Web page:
In the 20th century New Zealand governments created lakes and diverted rivers so electricity could be generated in large-scale hydro schemes. But since public outcry over the raising of Lake Manapōuri in the 1960s, large hydroelectricity schemes have been opposed by environmentalists, tourist operators, fishermen and locals.
Full story by John E. Martin
Main image: Benmore dam
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Water was used to generate 54.9% of the electricity used in New Zealand in 2007. In 1924 hydro schemes generated less than one petajoule (a measure of energy), but by 2007 hydro generated 83.8 petajoules. Hydroelectricity is a renewable energy source with no harmful emissions into the environment, but can involve major changes to the landscape.
Hydro generation requires a reliable source of water, and a place where it can fall and drive electric turbines. Much of New Zealand is mountainous or hilly, and the rainfall is high.
The first hydro generation stations were set up by small operators such as gold dredgers, and local councils supplying lighting to towns. In 1888 the West Coast mining town of Reefton was the first to have lighting provided by hydroelectricity.
In 1896 the government passed a law that prevented people from building hydro schemes without their permission. It began building hydro stations in the early 1900s. The first major station was at Lake Coleridge, which began supplying Christchurch with electricity in 1914.
North and south grids
During the First World War government planned high-voltage transmission grids in the North and South islands. The grids would carry power from isolated hydroelectric stations to cities and towns.
In the 1920s and 1930s power stations were built in the North Island, on the Waikato River, around Lake Waikaremoana and at Mangahao in Horowhenua. In the South Island the Monowai and Waitaki stations were built.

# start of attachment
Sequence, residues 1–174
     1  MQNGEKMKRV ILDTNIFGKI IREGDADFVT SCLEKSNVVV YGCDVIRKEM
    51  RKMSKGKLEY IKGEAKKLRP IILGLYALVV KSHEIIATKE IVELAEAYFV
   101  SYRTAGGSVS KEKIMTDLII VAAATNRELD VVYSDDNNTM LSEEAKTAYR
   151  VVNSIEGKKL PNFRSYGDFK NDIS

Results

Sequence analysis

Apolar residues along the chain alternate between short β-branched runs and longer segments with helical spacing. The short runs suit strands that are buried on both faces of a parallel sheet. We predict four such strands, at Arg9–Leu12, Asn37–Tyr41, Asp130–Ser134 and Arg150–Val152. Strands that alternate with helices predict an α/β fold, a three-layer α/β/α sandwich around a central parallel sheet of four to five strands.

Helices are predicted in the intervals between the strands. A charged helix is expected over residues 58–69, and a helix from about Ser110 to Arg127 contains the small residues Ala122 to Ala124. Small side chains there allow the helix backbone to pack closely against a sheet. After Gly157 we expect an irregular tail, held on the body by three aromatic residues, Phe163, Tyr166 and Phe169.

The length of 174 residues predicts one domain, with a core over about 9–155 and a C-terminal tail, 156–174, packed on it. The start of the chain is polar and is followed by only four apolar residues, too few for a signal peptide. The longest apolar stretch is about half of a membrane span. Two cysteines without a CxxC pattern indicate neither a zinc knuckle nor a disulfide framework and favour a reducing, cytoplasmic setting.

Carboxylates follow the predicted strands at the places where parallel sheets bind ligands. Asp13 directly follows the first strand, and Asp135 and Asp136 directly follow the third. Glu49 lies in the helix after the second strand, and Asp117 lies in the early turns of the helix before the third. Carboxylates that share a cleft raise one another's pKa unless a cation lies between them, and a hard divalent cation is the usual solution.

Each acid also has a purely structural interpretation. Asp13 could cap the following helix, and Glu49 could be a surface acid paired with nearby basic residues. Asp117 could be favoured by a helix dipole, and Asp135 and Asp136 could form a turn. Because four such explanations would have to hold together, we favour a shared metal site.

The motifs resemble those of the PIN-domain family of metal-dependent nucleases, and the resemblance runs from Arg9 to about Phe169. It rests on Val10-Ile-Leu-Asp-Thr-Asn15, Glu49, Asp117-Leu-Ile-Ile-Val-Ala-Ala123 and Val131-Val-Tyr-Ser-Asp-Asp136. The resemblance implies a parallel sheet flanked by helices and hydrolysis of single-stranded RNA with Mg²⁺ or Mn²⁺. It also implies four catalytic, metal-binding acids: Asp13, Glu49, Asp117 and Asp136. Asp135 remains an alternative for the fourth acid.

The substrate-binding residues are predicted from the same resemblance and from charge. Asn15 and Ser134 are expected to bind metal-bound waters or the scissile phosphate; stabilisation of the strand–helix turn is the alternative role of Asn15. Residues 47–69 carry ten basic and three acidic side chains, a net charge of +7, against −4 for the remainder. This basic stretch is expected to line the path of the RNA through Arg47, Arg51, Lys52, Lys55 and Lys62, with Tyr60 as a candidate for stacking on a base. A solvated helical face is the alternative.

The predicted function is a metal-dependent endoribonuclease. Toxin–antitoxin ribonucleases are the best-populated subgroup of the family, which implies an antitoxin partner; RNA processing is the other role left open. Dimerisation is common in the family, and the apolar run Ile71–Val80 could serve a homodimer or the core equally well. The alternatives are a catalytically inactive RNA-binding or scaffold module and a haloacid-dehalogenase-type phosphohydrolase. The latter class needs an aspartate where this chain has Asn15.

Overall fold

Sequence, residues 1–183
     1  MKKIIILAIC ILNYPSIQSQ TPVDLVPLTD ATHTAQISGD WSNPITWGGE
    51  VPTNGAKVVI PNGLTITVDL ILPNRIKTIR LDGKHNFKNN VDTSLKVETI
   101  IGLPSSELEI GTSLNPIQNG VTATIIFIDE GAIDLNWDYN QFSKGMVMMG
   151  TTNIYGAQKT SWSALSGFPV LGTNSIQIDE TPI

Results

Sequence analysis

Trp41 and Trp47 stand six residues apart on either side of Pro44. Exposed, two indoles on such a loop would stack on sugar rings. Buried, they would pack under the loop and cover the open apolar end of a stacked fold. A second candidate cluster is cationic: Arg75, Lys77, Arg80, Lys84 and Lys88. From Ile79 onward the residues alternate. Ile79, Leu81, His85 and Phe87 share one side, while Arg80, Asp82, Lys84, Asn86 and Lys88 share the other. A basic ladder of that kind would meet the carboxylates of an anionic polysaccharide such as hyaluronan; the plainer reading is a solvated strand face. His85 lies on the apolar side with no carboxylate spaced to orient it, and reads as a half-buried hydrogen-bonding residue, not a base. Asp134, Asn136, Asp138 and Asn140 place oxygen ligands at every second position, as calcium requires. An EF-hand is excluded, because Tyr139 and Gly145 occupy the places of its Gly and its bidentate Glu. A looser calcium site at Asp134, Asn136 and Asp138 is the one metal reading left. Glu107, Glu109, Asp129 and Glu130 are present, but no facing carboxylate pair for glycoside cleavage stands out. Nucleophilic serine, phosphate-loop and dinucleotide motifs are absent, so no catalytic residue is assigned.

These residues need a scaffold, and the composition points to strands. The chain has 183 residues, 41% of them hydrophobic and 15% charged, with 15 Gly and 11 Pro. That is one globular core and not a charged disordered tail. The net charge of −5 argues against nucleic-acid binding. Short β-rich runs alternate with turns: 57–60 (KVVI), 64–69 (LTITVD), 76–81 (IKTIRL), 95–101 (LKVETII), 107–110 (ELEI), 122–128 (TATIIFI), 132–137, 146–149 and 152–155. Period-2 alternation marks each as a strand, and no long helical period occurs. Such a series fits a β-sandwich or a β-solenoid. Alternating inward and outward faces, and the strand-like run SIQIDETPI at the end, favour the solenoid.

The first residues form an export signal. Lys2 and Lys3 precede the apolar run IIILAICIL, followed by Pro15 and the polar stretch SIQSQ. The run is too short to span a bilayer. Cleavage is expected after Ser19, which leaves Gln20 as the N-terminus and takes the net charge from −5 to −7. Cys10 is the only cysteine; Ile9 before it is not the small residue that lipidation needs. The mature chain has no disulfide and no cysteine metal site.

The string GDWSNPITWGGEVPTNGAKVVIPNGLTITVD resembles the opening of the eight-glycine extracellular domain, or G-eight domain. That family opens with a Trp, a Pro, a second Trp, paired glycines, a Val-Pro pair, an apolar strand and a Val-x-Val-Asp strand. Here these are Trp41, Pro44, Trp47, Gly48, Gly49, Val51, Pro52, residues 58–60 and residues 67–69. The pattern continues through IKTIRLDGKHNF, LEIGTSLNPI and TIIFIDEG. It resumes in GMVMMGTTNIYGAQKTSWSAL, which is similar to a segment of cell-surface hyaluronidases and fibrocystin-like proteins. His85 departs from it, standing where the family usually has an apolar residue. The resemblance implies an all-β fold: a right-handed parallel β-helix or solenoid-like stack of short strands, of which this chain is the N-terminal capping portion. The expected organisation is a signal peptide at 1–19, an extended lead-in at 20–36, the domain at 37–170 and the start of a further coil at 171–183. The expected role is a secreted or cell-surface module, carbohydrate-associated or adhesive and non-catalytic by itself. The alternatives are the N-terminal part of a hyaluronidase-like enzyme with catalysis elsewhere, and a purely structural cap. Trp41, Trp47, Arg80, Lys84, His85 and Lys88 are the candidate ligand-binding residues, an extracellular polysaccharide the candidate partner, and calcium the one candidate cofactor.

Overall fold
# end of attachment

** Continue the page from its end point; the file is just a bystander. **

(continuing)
But power generation could not keep up with demand. After the Second World War very large hydro schemes were built on the Waikato River and at Roxburgh to meet the severe electricity shortage.
A national transmission grid was set up in 1965, when a cable was laid across Cook Strait. Peak waterflow in the South Island occurs in spring and summer, whereas in the North Island it occurs in winter. This ensures year-round supply.
To supply the national grid, a series of power stations were built in the South Island. They fed the growing North Island demand for electricity.
Dams and canals
In 1965 a massive earth dam was completed on the Waitaki River at the Benmore station. A system of dams and power stations was built on Lakes Pūkaki and Tekapo. Lake Pūkaki was raised 37 metres by a dam.
In the North Island the Tongariro power scheme used a system of canals, with power stations at Tokaanu and Rangipō on the volcanic plateau. A station was also built on the Rangitāiki River.
In the 1960s people protested against a proposed dam for Lake Manapōuri which would raise the lake level. The dam was to supply electricity to an aluminium smelter.
The project went ahead, but the lake level was not raised.
People also protested against the building of a dam at Clyde on the Clutha River, which would flood a historic area in Central Otago to create a hydro lake. The government pushed the project through. It cost much more than expected because a fault line found under the dam site meant the area was unstable. The dam was finished in 1990.
Since building the Clyde dam there have been no major hydro developments – proposed schemes have been opposed by environmentalists, tourism operators, fishers and locals. But hydroelectricity remains an important part of New Zealand’s energy supply, and plans for new hydro stations or extensions to existing ones continue to be made.